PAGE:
The 'headache tree' via umbellulone and TRPA1 activates the trigeminovascular system

Romina Nassini, Serena Materazzi, Joris Vriens, Jean Prenen, Silvia Benemei, Gaetano De Siena, Giancarlo La Marca, Eunice Andr, Delia Preti, Cristina Avonto, Laura Sadofsky, Vincenzo Di Marzo, Luciano De Petrocellis, Greg Dussor, Frank Porreca, Orazio Taglialatela-Scafati, Giovanni Appendino, Bernd Nilius, Pierangelo Geppetti

Research output: Contribution to journalArticlepeer-review

99 Scopus citations

Abstract

The California bay laurel or Umbellularia californica (Hook. & Arn.) Nutt., is known as the 'headache tree' because the inhalation of its vapours can cause severe headache crises. However, the underlying mechanism of the headache precipitating properties of Umbellularia californica is unknown. The monoterpene ketone umbellulone, the major volatile constituent of the leaves of Umbellularia californica, has irritating properties, and is a reactive molecule that rapidly binds thiols. Thus, we hypothesized that umbellulone stimulates the transient receptor potential ankyrin 1 channel in a subset of peptidergic, nocioceptive neurons, activating the trigeminovascular system via this mechanism. Umbellulone, from M to sub-mM concentrations, selectively stimulated transient receptor potential ankyrin 1-expressing HEK293 cells and rat trigeminal ganglion neurons, but not untransfected cells or neurons in the presence of the selective transient receptor potential ankyrin 1 antagonist, HC-030031. Umbellulone evoked a calcium-dependent release of calcitonin gene-related peptide from rodent trigeminal nerve terminals in the dura mater. In wild-type mice, umbellulone elicited excitation of trigeminal neurons and released calcitonin gene-related peptide from sensory nerve terminals. These two responses were absent in transient receptor potential ankyrin 1 deficient mice. Umbellulone caused nocioceptive behaviour after stimulation of trigeminal nerve terminals in wild-type, but not transient receptor potential ankyrin 1 deficient mice. Intranasal application or intravenous injection of umbellulone increased rat meningeal blood flow in a dose-dependent manner; a response selectively inhibited by systemic administration of transient receptor potential ankyrin 1 or calcitonin gene-related peptide receptor antagonists. These data indicate that umbellulone activates, through a transient receptor potential ankyrin 1-dependent mechanism, the trigeminovascular system, thereby causing nocioceptive responses and calcitonin gene-related peptide release. Pharmacokinetics of umbellulone, given by either intravenous or intranasal administration, suggest that transient receptor potential ankyrin 1 stimulation, which eventually results in meningeal vasodilatation, may be produced via two different pathways, depending on the dose. Transient receptor potential ankyrin 1 activation may either be caused directly by umbellulone, which diffuses from the nasal mucosa to perivascular nerve terminals in meningeal vessels, or by stimulation of trigeminal endings within the nasal mucosa and activation of reflex pathways. Transient receptor potential ankyrin 1 activation represents a plausible mechanism for Umbellularia californica-induced headache. Present data also strengthen the hypothesis that a series of agents, including chlorine, cigarette smoke, formaldehyde and others that are known to be headache triggers and recently identified as transient receptor potential ankyrin 1 agonists, utilize the activation of this channel on trigeminal nerves to produce head pain.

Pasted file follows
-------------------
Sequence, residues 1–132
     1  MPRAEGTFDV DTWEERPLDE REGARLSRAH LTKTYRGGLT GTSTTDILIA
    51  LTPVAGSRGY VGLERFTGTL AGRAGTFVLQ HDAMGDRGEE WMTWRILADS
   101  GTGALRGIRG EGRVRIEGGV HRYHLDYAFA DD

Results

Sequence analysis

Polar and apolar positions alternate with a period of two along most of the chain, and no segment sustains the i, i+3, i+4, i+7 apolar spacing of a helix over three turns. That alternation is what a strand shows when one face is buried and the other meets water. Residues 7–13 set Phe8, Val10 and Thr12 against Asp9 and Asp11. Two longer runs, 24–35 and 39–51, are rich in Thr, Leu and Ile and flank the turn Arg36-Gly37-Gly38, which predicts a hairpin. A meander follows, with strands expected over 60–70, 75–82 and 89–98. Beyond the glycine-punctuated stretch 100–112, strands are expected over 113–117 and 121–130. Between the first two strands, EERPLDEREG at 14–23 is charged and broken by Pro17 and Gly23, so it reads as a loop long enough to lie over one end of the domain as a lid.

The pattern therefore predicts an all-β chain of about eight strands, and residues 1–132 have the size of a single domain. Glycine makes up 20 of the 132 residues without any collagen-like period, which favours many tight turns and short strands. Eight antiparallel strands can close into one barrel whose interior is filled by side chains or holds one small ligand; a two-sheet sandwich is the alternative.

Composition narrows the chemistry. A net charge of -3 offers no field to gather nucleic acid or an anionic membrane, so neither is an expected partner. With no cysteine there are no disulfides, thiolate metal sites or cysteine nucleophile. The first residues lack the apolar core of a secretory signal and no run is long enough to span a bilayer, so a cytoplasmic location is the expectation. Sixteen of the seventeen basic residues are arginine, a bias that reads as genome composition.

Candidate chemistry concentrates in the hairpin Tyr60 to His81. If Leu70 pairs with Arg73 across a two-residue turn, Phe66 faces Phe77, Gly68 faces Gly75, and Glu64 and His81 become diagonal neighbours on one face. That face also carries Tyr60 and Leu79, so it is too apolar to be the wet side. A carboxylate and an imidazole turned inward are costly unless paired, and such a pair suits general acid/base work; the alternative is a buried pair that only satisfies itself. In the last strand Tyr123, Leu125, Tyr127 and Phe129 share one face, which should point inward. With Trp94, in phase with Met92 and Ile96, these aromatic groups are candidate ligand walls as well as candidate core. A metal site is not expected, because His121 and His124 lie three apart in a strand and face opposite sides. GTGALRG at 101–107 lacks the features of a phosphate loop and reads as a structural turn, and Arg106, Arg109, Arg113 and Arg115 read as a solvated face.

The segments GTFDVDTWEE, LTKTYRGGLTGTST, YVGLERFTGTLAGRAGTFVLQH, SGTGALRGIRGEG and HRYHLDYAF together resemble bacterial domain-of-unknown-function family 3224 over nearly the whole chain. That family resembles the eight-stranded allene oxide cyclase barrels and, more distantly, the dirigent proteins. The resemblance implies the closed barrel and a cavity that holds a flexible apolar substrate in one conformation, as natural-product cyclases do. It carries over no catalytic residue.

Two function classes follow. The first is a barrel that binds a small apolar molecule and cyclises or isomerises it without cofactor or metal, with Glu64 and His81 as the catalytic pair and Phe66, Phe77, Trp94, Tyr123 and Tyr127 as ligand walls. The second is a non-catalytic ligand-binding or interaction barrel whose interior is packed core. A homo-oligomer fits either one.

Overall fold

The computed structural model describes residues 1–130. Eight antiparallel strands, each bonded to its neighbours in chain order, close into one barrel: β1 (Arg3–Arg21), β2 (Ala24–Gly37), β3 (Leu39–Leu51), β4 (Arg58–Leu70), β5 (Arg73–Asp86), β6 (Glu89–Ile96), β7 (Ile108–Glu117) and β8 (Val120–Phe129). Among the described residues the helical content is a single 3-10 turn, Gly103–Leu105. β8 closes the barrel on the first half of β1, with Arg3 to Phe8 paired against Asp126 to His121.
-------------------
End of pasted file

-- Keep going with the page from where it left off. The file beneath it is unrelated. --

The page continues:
Original languageEnglish (US)
Pages (from-to)376-390
Number of pages15
JournalBrain
Volume135
Issue number2
DOIs
StatePublished - Feb 2012

Keywords

  • CGRP
  • TRPA1
  • migraine
  • neurogenic vasodilatation
  • umbellulone

ASJC Scopus subject areas

  • Clinical Neurology

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